3.  Understanding Being and Isolation: May, R., (1983). The Discovery of Being — Writings in Existential Psychology. New York: W.W. Norton.

Rollo May draws on the insights of Kierkegaard, Nietzsche, Freud, and other great thinkers to offer a helpful roadmap of the ideas and techniques of existential psychotherapy. He pays particular attention to the causes of loneliness and isolation, and to our search for stability in an age of anxiety. This was one of the first books on existential psychology I read and it still has a profound influence on how I see the human struggles.

4. Meaning Making As Coping: Frankl, V.E. (1946) Man’s Search for Meaning, London: Hodder and Stoughton, 1964.

Psychiatrist Viktor Frankl’s memoir has riveted generations of readers with its descriptions of life in Nazi death camps and its lessons for spiritual survival. Between 1942 and 1945 Frankl labored in four different camps, including Auschwitz, while his parents, brother, and pregnant wife perished. Based on his own experience and the experiences of those he treated in his practice, Frankl argues that we cannot avoid suffering but we can choose how to cope with it, find meaning in it, and move forward with renewed purpose. Frankl’s theory—known as logotherapy, from the Greek word logos (“meaning”)—holds that our primary drive in life is not pleasure, as Freud maintained, but the discovery and pursuit of what we personally find meaningful.

5. The importance of relationships to the self: Buber, M. (1923) I and Thou, Transl. Kaufman W., Edinburgh: T&T Clark, 1970.

This work is the centerpiece of Buber’s groundbreaking philosophy. It lays out a view of the world in which human beings can enter into relationships using their innermost and whole being to form true partnerships. These deep forms of rapport contrast with those that spring from the Industrial Revolution, namely the common, but basically unethical, treatment of others as objects for our use and the incorrect view of the universe as merely the object of our senses, experiences. Buber goes on to demonstrate how these interhuman meetings are a reflection of the human meeting with God. For Buber, the essence of biblical religion consists in the fact that — regardless of the infinite abyss between them — a dialogue between man and God is possible.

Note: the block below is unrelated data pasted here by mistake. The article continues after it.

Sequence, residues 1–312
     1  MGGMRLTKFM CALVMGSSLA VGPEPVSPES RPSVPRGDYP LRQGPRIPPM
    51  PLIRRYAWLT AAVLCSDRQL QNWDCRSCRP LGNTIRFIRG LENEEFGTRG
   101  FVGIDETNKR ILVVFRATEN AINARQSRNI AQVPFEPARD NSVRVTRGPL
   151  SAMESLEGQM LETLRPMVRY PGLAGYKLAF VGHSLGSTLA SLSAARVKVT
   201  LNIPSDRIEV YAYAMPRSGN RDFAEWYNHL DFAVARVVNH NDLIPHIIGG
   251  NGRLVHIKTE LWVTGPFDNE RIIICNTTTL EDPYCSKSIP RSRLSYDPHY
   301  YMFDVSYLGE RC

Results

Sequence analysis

Ecumenical in its appeal, I and Thou nevertheless reflects the profound Talmudic tradition from which it has emerged. For Judaism, Buber’s writings have been of revolutionary importance. No other writer has so shaken Judaism from parochialism and applied it so relevantly to the problems and concerns of contemporary men. On the other hand, the fundamentalist Protestant movement in this country has appropriated Buber’s “I and Thou encounter” as the implicit basis of its doctrine of immediate faith-based salvation. In this light, Martin Buber has been viewed as the Jewish counterpart to Paul Tillich.

This is the original English translation, available in America only in this hardcover edition of I and Thou. Martin Buber considered Ronald Smith’s the best of the English translations and it was prepared in the author’s presence. The more poetic rendering, this translation can be looked at as the King James Version of Buber’s I and Thou.

To help make sense of specific issues:

1. Teenagers: Walsh, D. (2005). WHY Do They Act That Way?: A Survival Guide to the Adolescent Brain for You and Your Teen. Free Press.

In this national bestseller, acclaimed, award-winning psychologist Dr. David Walsh explains exactly what happens to the human brain on the path from childhood into adolescence and adulthood. Revealing the latest scientific findings in easy-to-understand terms, Dr. Walsh shows why moodiness, quickness to anger and to take risks, miscommunication, fatigue, territoriality, and other familiar teenage behavior problems are so common — all are linked to physical changes and growth in the adolescent brain.